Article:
Enter the Practice Room: Diminished Over V
When practising, it’s quite important that we play exercises that resolve if we’re to assimilate them into our vocabulary effectively. Here’s something that I’ve been working on with a student recently as we look at playing over minor ii V i cadences. It’s actually based on a Janek Gwizdala exercise but has been adapted and stretched out to really help us get inside the sound. The framework we’ve been slotting it into is Kenny Dorham’s ‘Blue Bossa’.
By superimposing a diminished 7th arpeggio off of the third degree of a dominant chord, we imply a 7b9 harmony that is a common sound in modern jazz. It’s not too hard to get under the fingers either but ensure you learn the shape first.
The first example is almost exactly as Janek Gwizdala practices this idea. Get it under your fingers and go slowly. The descending sequence over the Cm chord consists solely of 1, b3 & 5 so the line makes simple but logical, consonant sense. Example two is the same idea but using an ascending sequence over the G7alt.. Example three really ramps up the rhythmic interest by using triplets in the ascending line.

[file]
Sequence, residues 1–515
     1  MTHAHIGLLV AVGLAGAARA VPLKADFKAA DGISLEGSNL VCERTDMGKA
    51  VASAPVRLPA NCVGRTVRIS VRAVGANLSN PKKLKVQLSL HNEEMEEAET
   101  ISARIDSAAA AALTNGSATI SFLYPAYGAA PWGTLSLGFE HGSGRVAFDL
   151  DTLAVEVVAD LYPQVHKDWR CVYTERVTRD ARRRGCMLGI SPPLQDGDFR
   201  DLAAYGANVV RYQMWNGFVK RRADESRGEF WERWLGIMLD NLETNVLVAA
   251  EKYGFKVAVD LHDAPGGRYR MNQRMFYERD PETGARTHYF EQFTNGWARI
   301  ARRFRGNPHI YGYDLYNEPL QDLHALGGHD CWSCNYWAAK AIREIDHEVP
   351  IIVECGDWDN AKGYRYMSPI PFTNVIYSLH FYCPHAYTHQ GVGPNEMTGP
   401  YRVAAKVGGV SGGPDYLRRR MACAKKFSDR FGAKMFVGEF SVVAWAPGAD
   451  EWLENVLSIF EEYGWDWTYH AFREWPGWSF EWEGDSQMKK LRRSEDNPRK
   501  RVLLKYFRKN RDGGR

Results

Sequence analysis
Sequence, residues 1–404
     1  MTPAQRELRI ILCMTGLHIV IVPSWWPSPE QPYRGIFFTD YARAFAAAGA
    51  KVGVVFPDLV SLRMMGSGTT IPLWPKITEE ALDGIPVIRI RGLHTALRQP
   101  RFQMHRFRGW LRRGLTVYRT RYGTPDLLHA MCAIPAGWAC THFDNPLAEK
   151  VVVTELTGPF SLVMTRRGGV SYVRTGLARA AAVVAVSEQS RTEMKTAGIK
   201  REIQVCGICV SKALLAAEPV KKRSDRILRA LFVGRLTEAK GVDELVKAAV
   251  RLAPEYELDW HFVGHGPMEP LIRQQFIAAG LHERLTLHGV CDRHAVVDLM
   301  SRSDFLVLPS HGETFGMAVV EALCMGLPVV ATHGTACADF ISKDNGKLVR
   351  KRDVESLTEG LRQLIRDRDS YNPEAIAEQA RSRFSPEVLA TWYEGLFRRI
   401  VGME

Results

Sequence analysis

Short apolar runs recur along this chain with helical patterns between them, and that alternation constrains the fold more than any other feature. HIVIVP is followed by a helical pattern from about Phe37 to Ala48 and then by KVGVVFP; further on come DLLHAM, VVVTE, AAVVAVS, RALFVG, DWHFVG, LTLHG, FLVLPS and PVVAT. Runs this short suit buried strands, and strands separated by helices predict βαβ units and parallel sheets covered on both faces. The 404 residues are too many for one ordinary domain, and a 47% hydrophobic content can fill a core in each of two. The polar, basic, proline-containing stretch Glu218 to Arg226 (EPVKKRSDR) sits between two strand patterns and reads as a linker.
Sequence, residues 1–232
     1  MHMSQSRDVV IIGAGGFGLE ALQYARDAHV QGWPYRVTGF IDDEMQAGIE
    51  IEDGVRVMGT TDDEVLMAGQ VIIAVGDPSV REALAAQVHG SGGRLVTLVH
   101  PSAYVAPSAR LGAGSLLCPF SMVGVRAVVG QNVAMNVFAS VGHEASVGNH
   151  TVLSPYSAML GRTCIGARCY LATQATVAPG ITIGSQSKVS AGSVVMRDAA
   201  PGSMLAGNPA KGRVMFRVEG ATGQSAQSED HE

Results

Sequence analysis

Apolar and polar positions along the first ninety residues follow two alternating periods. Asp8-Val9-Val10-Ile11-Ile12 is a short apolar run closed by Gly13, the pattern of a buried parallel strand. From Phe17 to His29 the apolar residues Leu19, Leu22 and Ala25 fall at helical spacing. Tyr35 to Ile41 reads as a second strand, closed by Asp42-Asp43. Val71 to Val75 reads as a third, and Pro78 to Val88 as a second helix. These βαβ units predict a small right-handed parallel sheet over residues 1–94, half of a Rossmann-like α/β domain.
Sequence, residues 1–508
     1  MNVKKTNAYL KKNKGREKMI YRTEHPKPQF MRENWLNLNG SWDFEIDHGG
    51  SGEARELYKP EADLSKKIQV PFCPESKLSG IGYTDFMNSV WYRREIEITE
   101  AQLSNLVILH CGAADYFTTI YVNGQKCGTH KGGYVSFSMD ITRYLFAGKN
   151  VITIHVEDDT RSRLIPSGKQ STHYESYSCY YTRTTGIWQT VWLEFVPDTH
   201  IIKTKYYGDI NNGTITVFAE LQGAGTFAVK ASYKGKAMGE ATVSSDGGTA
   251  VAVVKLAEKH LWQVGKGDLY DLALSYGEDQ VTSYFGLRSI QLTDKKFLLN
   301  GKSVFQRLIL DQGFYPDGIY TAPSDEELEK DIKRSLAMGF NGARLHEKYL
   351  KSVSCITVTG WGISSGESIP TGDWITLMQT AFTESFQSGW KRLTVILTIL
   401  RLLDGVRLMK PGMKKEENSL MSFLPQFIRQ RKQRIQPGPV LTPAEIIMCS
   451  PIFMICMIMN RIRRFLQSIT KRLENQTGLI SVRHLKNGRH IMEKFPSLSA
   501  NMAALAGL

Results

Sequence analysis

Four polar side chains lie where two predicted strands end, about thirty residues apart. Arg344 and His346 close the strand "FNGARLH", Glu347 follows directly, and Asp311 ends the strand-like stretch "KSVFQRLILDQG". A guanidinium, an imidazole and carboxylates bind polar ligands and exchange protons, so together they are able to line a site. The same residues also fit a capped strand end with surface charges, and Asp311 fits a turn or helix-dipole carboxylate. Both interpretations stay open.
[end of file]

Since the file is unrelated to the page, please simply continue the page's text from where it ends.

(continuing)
Really focusing on a single idea like this can be very beneficial for beginning improvisers and it’s something I still practice occasionally now. Let me know how you get on!